The stock market bounce was modest and short-lived in early European trade on Tuesday, as investors continue to fret about the likelihood of COVID-19 becoming a full blown pandemic.
The spikes in the number of cases in South Korea, Italy and Iran has made investors very nervous and with cases being confirmed in other countries all the time, they are right to be so. Buying the dips has proven a good strategy at times over the years, with markets recovering much quicker than they arguably should but more patience may be required this time.
Wall Street is still on course for a slightly positive open but given how quickly Europe has turned south, I’m not confident it will last. Perhaps investors in the US still feel a little sheltered from the direct effects of the spread at the moment but should it accelerate in Europe and Asia, I don’t think they will for long.
Gold seeing profit taking but safe haven status remains in tact
Gold is continuing to pare gains on Tuesday, even as we see broad risk aversion across the markets. Gold has been on a stunning run this month so perhaps we’re just seeing a little profit taking after it came close to $1,700. There could also be a knock-on effect from the severity of the declines across the globe on Monday, but it’s tough to say for sure. What I would say is that gold’s safe haven appeal remains firmly in tact which will likely support prices once the profit taking passes, assuming of course that sentiment remains bruised.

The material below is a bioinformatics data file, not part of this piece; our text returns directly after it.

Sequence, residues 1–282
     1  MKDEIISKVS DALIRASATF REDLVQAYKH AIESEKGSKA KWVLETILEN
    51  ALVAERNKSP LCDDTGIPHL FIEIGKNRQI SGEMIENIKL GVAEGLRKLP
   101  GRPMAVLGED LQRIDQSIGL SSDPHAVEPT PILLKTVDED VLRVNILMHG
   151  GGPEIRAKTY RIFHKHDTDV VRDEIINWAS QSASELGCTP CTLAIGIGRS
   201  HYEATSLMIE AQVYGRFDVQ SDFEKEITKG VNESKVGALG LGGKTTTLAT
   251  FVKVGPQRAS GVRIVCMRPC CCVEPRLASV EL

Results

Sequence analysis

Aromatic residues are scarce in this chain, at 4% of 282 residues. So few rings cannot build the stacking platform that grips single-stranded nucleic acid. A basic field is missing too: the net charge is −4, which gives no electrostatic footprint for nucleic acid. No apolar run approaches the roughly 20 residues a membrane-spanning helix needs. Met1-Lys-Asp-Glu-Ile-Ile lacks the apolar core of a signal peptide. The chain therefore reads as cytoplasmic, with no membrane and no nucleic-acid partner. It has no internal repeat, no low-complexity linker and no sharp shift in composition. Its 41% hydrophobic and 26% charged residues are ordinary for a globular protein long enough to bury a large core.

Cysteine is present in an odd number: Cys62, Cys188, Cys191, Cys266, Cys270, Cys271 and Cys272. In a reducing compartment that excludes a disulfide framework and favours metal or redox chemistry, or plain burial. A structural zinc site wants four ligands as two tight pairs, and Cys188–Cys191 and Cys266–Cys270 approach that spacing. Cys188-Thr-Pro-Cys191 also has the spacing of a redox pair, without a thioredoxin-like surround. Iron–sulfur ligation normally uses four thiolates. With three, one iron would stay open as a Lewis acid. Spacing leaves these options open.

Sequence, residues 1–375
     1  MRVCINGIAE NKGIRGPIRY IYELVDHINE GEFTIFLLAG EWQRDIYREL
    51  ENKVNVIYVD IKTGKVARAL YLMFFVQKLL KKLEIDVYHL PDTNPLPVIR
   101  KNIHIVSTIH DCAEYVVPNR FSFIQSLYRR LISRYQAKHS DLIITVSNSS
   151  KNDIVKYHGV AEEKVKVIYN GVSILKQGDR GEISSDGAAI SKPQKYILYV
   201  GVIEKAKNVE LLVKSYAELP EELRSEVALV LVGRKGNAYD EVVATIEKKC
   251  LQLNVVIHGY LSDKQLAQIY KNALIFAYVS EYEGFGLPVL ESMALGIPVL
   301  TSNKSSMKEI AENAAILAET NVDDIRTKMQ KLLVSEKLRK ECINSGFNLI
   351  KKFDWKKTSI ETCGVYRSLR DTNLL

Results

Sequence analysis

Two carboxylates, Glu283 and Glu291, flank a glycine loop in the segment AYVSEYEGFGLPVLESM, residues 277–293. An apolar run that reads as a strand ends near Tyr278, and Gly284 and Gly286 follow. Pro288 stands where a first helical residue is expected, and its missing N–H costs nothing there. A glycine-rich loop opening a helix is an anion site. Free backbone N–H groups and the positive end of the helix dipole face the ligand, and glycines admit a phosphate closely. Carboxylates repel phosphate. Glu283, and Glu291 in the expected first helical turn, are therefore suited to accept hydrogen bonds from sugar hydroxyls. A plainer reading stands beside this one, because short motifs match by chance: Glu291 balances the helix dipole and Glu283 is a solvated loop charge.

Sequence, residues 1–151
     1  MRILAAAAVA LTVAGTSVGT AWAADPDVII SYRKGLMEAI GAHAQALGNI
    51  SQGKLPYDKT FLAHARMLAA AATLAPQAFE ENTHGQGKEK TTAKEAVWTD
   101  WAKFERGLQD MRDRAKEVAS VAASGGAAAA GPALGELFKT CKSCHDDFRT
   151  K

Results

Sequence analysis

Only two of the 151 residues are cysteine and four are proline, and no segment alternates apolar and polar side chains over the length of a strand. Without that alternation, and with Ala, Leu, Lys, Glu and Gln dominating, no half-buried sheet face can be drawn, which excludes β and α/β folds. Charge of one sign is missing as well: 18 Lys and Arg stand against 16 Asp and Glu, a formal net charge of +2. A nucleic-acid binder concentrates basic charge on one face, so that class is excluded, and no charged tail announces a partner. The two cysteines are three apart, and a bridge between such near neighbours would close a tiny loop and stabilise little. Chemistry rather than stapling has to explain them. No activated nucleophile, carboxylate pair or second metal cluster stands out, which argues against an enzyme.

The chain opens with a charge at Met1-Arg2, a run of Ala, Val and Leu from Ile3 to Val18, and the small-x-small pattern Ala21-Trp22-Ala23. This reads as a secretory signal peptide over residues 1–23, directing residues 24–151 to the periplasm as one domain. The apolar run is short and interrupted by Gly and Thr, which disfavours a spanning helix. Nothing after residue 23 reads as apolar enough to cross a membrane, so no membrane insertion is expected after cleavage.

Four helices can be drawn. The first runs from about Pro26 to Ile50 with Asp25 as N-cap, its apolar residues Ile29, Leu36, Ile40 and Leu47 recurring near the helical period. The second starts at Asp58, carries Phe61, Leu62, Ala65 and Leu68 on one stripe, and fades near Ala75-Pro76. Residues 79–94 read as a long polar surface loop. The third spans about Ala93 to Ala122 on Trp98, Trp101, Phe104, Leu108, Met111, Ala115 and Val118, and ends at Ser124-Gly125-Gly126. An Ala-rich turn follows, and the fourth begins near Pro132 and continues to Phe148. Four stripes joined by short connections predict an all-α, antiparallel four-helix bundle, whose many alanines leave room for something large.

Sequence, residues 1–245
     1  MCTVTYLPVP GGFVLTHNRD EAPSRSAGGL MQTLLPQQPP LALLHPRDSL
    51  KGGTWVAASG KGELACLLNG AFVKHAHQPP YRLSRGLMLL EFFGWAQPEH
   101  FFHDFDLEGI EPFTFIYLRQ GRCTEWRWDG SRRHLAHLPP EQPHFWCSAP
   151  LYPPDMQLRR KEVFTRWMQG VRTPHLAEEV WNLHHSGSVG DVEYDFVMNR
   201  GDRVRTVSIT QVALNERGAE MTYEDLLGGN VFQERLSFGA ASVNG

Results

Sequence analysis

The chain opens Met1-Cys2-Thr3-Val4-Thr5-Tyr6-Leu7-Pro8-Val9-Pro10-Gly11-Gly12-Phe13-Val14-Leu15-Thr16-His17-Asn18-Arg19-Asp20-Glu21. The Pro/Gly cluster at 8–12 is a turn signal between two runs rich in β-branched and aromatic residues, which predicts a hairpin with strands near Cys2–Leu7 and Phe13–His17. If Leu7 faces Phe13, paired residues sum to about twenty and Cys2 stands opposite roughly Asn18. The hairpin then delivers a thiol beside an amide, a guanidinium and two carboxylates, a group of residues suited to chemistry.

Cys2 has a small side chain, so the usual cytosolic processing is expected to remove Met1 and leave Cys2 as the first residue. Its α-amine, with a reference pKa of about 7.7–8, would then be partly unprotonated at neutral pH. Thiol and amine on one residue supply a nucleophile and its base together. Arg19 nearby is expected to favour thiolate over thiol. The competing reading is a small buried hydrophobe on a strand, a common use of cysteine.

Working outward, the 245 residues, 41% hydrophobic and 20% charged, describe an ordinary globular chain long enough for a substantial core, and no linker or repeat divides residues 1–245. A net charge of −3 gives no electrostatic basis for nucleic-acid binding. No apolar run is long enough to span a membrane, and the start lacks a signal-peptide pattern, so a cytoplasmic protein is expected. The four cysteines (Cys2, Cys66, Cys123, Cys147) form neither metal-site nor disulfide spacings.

Crude prices vulnerable as cases spike
Oil prices are naturally feeling the full wrath of the coronavirus spread, with Brent now not trading too far from its February lows and momentum not its friend. There may not have been full agreement among OPEC+ behind the need for further cuts to support prices a few weeks ago but the latest developments may change things, especially if the situation deteriorates as it looks likely to. In the meantime, $54 is looking vulnerable.